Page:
The new Eighth Air Force Boeing B-17G & Bomber Re-Supply Set (A12010) combines the newly tooled B-17G Flying Fortress kit with the vehicles and accessories of the WWII USAAF Bomber Re-Supply Set released last year, allowing the modeller to create a stunning diorama display. Scheduled for release during March 2017, please keep checking the Airfix website for the very latest release information.
1/48th scale Canberra build re-visited
In the previous edition of Workbench, we featured the first part of an impressive 1/48th scale English Electric Canberra build by Jason Young, who originally posted pictures of the project on the Customer Images section of the Airfix website. In this final instalment, we look at the painting and finishing of Jason’s Canberra and how he produced an extremely impressive display model – once again, over to Jason.
“Once the model was primed and any areas in need of attention were seen to, the whole thing got several coats of gloss white, and was left to dry for a week. The whole of the top was then masked up, using miles of Tamiya tape, and the yellow applied. If I was to make it again, I'd use a more golden yellow, as the one I sprayed here was more of a trainer yellow and in some photos, the real thing has more of an orange tint to it. Once the yellow had dried and received two coats of Klear, the black stripes were masked and sprayed using several mist coats of Humbrol 85. I wasn't overly fussy about being accurate with the striping but it's close enough for me.
Details of the underside paintwork on the Canberra
When this was dry, and again covered in more Klear, the whole underside was masked off and the small blue areas were sprayed. The Airdecal sheet calls for Oxford Blue to be used, but I thought this was a tad too dark when reference photos were consulted, so I went with Roundel Blue instead, and there's not much of it anyway to worry about it. The last masking was to ready the airframe for the red, for which I used Humbrol 19, which sprays beautifully.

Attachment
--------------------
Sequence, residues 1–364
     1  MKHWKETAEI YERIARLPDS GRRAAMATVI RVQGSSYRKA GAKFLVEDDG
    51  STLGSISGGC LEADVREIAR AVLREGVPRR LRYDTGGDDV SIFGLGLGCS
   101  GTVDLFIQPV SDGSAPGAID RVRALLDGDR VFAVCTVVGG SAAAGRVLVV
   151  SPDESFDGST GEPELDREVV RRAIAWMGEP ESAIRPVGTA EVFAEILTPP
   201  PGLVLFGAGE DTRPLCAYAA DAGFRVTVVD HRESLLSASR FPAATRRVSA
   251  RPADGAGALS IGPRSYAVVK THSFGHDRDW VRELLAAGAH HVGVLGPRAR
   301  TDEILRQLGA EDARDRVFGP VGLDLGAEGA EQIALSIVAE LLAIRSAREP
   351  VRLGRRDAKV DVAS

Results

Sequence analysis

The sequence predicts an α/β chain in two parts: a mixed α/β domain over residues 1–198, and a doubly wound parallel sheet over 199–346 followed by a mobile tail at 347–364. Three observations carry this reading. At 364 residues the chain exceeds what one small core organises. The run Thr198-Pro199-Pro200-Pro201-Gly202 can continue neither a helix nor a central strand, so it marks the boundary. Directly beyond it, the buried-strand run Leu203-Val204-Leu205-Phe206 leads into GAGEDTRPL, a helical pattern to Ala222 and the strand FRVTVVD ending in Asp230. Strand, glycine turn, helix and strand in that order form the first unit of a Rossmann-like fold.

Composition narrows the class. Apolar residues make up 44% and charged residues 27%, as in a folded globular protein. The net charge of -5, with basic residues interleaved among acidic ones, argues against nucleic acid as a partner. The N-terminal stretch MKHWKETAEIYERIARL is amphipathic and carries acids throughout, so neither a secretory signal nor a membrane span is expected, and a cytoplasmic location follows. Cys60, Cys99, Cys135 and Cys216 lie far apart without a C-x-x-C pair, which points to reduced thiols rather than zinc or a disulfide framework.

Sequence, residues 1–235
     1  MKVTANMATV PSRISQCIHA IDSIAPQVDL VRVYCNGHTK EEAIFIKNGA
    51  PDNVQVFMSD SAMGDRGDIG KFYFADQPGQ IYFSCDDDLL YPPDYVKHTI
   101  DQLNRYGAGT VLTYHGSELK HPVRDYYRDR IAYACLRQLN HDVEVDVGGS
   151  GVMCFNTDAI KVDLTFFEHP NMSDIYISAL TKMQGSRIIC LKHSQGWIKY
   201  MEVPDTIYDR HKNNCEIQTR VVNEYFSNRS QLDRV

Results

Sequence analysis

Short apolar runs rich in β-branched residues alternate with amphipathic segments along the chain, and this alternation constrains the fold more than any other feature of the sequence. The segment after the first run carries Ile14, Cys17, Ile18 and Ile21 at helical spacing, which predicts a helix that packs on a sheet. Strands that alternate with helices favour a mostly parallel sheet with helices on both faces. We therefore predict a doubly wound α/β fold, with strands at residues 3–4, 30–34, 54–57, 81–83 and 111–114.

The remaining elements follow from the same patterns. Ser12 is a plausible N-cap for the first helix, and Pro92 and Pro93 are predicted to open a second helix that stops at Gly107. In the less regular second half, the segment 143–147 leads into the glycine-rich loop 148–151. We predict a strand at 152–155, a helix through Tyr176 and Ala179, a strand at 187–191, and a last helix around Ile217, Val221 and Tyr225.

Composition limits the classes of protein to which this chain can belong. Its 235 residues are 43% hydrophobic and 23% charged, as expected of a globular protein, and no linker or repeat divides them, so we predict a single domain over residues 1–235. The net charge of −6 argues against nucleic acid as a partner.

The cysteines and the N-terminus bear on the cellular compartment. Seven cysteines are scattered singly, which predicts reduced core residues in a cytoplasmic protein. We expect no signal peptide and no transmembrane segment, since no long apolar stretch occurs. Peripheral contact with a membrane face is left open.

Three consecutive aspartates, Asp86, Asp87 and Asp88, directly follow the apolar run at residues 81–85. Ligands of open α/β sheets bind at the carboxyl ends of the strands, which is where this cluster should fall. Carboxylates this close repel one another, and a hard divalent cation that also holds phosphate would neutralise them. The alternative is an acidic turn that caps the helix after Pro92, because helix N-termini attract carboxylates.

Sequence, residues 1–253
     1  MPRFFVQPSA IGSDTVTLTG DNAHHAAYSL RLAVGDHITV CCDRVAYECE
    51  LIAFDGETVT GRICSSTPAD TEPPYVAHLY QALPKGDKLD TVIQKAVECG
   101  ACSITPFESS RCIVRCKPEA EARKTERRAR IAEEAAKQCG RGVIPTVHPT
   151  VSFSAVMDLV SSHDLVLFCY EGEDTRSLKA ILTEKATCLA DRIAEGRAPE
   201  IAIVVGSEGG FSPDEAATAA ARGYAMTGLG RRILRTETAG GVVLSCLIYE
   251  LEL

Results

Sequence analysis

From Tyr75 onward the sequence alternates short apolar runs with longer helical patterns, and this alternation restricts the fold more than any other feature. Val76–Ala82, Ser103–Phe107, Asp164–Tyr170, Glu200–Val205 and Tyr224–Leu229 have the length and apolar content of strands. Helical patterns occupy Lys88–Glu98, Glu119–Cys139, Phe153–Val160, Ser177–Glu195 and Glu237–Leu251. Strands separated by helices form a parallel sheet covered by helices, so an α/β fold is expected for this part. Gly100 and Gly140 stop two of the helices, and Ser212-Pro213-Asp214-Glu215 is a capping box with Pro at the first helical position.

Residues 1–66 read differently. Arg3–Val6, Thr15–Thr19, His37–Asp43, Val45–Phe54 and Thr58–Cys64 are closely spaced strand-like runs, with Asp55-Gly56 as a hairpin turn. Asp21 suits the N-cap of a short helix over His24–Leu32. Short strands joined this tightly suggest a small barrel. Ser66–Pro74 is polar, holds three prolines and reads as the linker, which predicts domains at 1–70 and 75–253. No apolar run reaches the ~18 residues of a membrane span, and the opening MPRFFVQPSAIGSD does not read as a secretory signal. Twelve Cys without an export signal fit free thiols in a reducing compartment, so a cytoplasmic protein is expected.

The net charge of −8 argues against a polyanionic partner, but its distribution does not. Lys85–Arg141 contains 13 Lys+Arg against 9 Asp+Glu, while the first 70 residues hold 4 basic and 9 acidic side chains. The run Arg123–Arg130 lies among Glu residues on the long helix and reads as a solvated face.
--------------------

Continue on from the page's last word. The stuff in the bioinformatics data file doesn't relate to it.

A big de-masking session revealed a couple more areas requiring touching up, and the Tamiya tape managed to remove some small patches of red on the port engine cowling (so don't look too closely!) and some yellow on the undersides. Once these were tackled, the whole aircraft received two more coats of Klear to protect the paint and to ready it for decaling.
Jason took on quite a complicated paint scheme for his Canberra build
And so, on to the motivation for this build. The Airdecal sheet provided some of the individual aircraft markings, but there were a couple of major errors that prolonged the build. Firstly, it provides two sets of black serials, one for the front undercarriage bay doors, and secondly for the rear fuselage. Trouble is, the latter should be white, so I ended up having to get an Xtradecal sheet of white serials and making them myself.
Second, whoever designed the Airdecal sheet either didn't do their research, or just assumed that WH734 had the same upper wing colour scheme as the other options on the sheet, and for whatever reason provided upper wing roundels with white edges that only go halfway around the circumference of the roundel (the theory being that the missing white half would actually be placed over the white area of the wing anyway). But these roundels actually sit completely on the red areas, so required roundels with complete white surrounds. I could find normal roundels to fit, but none with the required white, so I ended up getting white A4 decal paper and cutting out discs myself. I had ordered a compass cutter - which never arrived - so had to do it the hard way with a new blade in the scalpel, so they are both a bit rough!
Close up detail of Jason’s impressive Canberra build
The stencilling provided with the kit wasn't really used in the build as it was either the wrong colour, or the wrong language! So I got a Model Alliance sheet and used various items from that. Again, it's not 100% accurate, as I had to use what I could find, but it's good enough, I think.